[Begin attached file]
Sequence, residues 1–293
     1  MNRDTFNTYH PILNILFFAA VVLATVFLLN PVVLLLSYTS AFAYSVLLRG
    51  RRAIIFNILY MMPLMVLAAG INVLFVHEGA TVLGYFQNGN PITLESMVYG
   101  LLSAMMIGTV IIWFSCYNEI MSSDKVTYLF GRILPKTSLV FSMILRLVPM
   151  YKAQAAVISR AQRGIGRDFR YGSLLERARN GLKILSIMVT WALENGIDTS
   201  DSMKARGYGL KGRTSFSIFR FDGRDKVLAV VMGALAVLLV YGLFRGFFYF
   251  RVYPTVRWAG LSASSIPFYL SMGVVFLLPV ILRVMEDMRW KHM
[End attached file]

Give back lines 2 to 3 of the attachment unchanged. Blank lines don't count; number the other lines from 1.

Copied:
     1  MNRDTFNTYH PILNILFFAA VVLATVFLLN PVVLLLSYTS AFAYSVLLRG
    51  RRAIIFNILY MMPLMVLAAG INVLFVHEGA TVLGYFQNGN PITLESMVYG